5) Language teaching

Native English speakers have an advantage here, with English being the most sought-after language in many countries. But if English is not your native language but you have a good knowledge of the language, you should be able to find work too. By teaching English, you can choose where you want to go in the world, but we recommend researching well first to hear of other peoples experiences, working hours and rate of pay. A TEFL course is often a prerequisite for the well-paid positions – and let’s face it, if you are going to be a teacher, you want to be a GOOD teacher, right? Have a look on google, you’ll find many TEFL course options. To search for teaching positions, try Dave’s ESL cafe. It is also possible to find informal teaching jobs – I taught English to children part time for a year whilst studying for my Masters in Madrid. This basically meant going to the child’s house and playing games and singing songs. In summer it sometimes meant playing in the swimming pool. For this I was paid 10€ an hour, so it was a pretty nice part time job! This kind of informal position is dependent upon the country (ie. you couldn’t do this in Japan as you can only earn money from the form of employment allowed by your visa), and is often easier to set up when you are already in-country.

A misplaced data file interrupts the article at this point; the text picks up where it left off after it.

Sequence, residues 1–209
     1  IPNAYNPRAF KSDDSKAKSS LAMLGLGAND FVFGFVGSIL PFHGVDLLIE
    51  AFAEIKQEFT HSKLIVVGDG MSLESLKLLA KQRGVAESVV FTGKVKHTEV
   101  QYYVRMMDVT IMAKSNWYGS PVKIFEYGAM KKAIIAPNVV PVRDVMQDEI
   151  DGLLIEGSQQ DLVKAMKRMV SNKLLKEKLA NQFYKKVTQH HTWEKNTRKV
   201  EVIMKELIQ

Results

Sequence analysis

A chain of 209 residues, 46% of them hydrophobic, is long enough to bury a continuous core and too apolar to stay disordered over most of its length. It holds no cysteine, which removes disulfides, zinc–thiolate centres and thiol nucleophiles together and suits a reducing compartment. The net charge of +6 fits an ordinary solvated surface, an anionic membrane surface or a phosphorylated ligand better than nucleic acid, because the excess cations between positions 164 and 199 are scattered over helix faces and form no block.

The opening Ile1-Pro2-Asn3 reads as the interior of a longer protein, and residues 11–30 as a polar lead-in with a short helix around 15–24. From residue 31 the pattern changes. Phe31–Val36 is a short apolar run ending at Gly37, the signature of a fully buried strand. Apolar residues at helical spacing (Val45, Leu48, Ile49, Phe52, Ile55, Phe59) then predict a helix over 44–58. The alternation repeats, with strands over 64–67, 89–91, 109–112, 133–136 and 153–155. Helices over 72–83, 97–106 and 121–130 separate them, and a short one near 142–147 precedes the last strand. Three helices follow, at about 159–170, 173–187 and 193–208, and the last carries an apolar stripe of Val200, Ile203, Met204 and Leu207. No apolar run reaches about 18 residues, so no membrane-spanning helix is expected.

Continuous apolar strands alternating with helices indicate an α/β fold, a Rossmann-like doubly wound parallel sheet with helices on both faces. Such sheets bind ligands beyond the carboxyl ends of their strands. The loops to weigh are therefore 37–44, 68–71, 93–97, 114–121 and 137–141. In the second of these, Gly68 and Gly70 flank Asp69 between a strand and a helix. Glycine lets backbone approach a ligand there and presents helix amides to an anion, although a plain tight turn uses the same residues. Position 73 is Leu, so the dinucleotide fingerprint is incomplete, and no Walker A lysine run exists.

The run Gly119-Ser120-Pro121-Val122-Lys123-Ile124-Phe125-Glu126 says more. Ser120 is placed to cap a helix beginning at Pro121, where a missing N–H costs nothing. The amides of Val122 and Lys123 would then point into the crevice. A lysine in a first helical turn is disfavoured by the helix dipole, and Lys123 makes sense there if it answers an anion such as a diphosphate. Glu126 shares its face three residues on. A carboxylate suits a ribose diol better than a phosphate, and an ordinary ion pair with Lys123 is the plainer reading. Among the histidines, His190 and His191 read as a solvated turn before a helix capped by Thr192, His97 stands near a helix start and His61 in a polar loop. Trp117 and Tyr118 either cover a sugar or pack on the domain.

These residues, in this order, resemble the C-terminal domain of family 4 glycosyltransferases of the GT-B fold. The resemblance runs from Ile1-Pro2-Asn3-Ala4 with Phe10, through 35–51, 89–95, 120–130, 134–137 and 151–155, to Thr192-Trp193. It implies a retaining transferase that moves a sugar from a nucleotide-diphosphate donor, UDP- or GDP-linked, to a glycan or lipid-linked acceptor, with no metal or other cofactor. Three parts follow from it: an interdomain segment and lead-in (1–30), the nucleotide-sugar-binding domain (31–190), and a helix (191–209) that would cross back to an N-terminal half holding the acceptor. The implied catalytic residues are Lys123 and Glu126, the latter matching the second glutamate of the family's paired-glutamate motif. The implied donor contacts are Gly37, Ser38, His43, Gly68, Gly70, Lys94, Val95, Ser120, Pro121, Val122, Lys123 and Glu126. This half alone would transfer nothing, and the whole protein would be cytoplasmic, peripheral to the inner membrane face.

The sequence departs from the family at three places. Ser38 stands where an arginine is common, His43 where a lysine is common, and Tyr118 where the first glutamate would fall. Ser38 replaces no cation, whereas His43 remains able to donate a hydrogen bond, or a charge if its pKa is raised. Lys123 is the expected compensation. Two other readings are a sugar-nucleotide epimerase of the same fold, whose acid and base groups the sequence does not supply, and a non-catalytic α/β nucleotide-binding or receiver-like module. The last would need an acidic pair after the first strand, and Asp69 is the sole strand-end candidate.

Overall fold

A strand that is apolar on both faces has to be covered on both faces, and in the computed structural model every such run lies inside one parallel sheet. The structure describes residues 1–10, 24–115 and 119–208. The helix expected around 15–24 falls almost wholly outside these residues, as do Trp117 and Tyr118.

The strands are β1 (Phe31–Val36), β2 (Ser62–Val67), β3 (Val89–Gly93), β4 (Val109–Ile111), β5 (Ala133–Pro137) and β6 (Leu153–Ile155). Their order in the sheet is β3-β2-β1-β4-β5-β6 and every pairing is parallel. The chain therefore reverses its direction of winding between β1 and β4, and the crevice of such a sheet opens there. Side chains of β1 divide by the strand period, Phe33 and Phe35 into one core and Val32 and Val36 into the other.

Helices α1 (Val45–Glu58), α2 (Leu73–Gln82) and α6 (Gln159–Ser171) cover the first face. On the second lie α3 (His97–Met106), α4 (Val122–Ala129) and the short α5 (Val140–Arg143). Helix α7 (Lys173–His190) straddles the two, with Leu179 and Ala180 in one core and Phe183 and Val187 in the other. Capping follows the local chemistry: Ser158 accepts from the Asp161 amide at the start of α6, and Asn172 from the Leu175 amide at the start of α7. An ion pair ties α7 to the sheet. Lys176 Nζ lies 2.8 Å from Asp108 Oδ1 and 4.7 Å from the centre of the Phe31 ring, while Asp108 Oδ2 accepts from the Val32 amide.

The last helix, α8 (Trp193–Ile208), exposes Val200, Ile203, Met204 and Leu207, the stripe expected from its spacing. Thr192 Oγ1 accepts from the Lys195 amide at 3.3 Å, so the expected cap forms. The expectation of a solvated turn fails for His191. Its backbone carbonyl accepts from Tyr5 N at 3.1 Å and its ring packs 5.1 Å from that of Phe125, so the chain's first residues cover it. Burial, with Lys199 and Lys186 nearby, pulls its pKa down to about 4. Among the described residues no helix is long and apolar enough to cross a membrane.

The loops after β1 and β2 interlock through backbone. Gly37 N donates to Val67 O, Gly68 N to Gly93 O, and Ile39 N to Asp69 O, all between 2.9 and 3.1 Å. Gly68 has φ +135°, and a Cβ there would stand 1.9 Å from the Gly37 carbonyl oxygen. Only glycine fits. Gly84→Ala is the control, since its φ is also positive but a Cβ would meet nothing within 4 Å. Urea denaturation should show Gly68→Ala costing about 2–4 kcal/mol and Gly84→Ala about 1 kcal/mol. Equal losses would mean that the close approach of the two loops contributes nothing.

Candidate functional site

6) Volunteering

Another one that doesn’t pay, I know it’s not great. However, if you look hard enough, you will find positions that offer free accommodation and food, and some even provide a small stripend so you can explore your new country and not be out of pocket. After doing some research, we think Volunteer Latin America has a decent selection of options. They’re also an ethical company, guaranteeing low cost volunteering, and any money you do pay goes to the actual project instead of being taken out by middlemen. We have our eye on a project with them at the moment, managing a nature reserve in Ecuador.


So there you have it. Six options to work abroad and leave your normal life behind you. We hope this article has been of use to you. Let us know in the comments if you have any other advice you can add.

Lauca National Park, Chile
Lauca National Park, Chile